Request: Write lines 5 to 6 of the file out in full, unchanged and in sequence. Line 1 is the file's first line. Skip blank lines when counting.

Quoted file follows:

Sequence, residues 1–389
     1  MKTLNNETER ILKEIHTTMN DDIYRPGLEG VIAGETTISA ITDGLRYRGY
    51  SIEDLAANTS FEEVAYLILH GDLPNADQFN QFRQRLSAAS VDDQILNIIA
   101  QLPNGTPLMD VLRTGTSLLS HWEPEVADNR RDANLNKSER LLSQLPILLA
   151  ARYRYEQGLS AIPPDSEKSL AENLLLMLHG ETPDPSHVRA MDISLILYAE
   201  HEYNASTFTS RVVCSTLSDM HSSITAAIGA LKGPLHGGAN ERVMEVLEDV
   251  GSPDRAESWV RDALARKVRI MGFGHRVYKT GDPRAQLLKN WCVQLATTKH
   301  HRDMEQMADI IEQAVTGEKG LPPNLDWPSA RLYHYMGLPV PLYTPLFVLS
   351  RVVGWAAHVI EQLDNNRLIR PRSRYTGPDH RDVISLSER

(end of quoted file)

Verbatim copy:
   151  ARYRYEQGLS AIPPDSEKSL AENLLLMLHG ETPDPSHVRA MDISLILYAE
   201  HEYNASTFTS RVVCSTLSDM HSSITAAIGA LKGPLHGGAN ERVMEVLEDV